All cult horror genres seemingly follow the same cycle of innovation, imitation and eventual self-parody. A decade ago Spanish horror found favour with fans of subtle chills and darkly serious intent. Now in the wake of films like [REC]³ Genesis (2012), Witching and Bitching (2013) and writer-director Juan Martinez Moreno’s self-styled “una comedia bestial”, it seems Latin fright filmmakers are once again playing for laughs. This is nothing new. The cycle of garishly gory horror films from the Seventies spearheaded by the likes of Paul Naschy a.k.a. Jacinto Molina, Amando de Ossorio, José Ramon Larraz and others, preceded a slew of silly slapstick spoofs wherein many of these same auteurs contributed parodies. Interestingly however, Moreno - for whom this marks a change of pace from his last film, crime drama A Good Man (2009) - maintains Attack of the Werewolves is a tribute to the classic Universal horror films, which brings to mind a comment Paul Naschy once made about Spain forever denying its own horror tradition.

Known as Lobos de Arga in Spain and (somewhat confusingly) Game of Werewolves in the USA, this shares certain superficial similarities with Shaun of the Dead (2004) as it appears every horror comedy these days weaves some sort of allegory wherein a hapless man-child needs to grow up. However, the slight message about Tomás facing up to his responsibilities is quickly overshadowed by a more problematic agenda. There are no young people in Arga and the elderly residents clearly resent them for abandoning the decrepit village for the bright lights of the big cities. Moreno repeatedly hammers home this message as Calisto mentions all the young women left for Madrid, Tomás barely remembers the various neighbours and relatives he meets, and we discover the villagers have fed the werewolf all these years on stray tourists passing through. At no point does the film deliver any worthy riposte to the anti-youth argument with characters drawn as fairly feckless, self-serving imbeciles, though the central trio’s discovery of a feral youth named Diego (Marcos Ruiz) in an underground tunnel brings out their nobler impulses.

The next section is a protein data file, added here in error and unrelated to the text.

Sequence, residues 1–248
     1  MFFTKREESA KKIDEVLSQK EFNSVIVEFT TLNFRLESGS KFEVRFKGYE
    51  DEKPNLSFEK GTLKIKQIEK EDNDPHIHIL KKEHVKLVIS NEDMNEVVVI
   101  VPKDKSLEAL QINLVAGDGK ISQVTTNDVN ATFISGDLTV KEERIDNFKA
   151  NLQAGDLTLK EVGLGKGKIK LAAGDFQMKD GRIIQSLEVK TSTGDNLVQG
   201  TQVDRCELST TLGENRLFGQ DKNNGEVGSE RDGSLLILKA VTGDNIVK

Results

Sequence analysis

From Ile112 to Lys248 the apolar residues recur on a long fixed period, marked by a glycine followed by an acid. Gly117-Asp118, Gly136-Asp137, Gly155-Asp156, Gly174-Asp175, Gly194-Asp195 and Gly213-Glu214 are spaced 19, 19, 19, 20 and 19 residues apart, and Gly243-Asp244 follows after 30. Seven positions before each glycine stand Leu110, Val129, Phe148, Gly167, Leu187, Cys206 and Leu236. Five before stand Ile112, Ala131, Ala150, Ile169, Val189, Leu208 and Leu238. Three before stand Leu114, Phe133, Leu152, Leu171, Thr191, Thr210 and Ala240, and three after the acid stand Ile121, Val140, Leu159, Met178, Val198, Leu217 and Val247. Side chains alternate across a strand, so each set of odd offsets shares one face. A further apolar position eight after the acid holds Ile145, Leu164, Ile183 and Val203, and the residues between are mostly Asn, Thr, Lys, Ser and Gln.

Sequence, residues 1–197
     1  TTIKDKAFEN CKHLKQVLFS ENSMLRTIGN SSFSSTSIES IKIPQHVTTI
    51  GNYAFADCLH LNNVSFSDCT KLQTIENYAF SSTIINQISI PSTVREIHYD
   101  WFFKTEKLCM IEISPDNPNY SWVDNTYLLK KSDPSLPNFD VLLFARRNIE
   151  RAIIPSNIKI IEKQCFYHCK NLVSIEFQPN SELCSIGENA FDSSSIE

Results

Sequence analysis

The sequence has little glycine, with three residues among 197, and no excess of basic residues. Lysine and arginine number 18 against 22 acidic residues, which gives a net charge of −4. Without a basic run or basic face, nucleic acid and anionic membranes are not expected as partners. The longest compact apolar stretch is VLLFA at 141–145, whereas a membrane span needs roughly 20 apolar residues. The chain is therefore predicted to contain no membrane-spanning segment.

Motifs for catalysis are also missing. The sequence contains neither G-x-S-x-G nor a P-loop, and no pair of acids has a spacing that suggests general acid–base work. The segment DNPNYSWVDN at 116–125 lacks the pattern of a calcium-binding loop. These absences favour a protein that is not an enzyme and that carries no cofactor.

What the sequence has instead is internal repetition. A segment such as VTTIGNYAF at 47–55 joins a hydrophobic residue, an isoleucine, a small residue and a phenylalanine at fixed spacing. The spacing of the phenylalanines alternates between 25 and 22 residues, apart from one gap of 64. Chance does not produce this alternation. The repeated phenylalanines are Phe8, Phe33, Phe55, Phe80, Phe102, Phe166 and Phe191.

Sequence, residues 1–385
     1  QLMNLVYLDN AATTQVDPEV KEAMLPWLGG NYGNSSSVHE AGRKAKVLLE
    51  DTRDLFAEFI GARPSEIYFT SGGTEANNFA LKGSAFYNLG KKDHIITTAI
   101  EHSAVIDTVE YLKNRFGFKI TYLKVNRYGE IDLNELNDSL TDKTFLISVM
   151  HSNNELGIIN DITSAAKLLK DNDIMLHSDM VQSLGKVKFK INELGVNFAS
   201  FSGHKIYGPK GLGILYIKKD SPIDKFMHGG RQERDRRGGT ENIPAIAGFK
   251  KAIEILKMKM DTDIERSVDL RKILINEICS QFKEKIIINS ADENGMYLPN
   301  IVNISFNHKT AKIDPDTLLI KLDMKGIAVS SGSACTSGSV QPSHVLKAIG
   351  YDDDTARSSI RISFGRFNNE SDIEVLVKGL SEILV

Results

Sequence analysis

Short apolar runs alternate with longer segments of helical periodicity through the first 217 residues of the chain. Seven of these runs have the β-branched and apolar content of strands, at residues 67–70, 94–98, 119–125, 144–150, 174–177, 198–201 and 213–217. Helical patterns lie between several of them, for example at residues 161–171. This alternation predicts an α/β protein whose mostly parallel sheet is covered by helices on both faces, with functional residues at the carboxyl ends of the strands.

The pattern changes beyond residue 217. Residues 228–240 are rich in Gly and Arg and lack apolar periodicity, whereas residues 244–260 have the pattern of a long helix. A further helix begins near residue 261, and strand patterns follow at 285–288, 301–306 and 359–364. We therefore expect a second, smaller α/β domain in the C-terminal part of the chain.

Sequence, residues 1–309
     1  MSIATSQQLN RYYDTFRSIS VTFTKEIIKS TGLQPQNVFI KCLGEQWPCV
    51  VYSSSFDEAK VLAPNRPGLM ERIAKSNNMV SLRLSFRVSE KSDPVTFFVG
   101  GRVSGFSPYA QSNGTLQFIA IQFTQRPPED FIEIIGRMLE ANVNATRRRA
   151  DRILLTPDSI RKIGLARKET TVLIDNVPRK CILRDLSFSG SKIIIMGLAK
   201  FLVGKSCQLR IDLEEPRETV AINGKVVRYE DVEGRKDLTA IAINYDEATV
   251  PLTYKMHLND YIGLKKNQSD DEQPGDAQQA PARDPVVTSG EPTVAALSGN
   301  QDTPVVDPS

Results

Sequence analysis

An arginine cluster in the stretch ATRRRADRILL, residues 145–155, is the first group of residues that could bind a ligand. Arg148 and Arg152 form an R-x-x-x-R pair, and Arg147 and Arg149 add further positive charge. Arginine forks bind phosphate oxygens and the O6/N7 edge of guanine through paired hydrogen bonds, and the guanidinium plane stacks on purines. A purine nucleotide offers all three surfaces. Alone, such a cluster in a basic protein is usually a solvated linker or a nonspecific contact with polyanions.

For a comedy it is mildly amusing rather than laugh-out-loud funny with too many scenes of straight nastiness plus a tendency to keep wheeling on additional characters that serve little purpose. Tomás feisty grandma (Mabel Rivera) rides to his rescue but only hangs around long enough to have her neck snapped, a couple of policemen - a cowardly youth (Cote Soler) and an older, more resourceful sergeant (Luis Zahera) (see what I mean?) - add equally little to the story save rendering ostensible hero Tomás increasingly redundant. After a promising start this devolves into a familiar siege scenario yet is often genuinely suspenseful despite an inconsistency in its werewolf lore and a weakness for dumb detours like the revelation Calisto once shagged a sheep. The werewolves themselves are pleasingly of the man-in-a-furry suit variety rather than the slapdash CGI prevalent these days and are pretty darn cool.

Reviewer: Andrew Pragasam

 

This review has been viewed 1065 time(s).

As a member you could Rate this film

 
Review Comments (0)


Untitled 1

Login
  Username:
 
  Password:
 
   
 
Forgotten your details? Enter email address in Username box and click Reminder. Your details will be emailed to you.
   

Latest Poll
Which star do you think makes the best coffee?
Emma Stone
Anna Kendrick
Michelle Rodriguez
Sir Patrick Stewart
   
 
   

Recent Visitors
Graeme Clark
Darren Jones
Paul Smith
Andrew Pragasam
  Rachel Franke
Enoch Sneed
Paul Shrimpton
  Desbris M
   

 

Last Updated: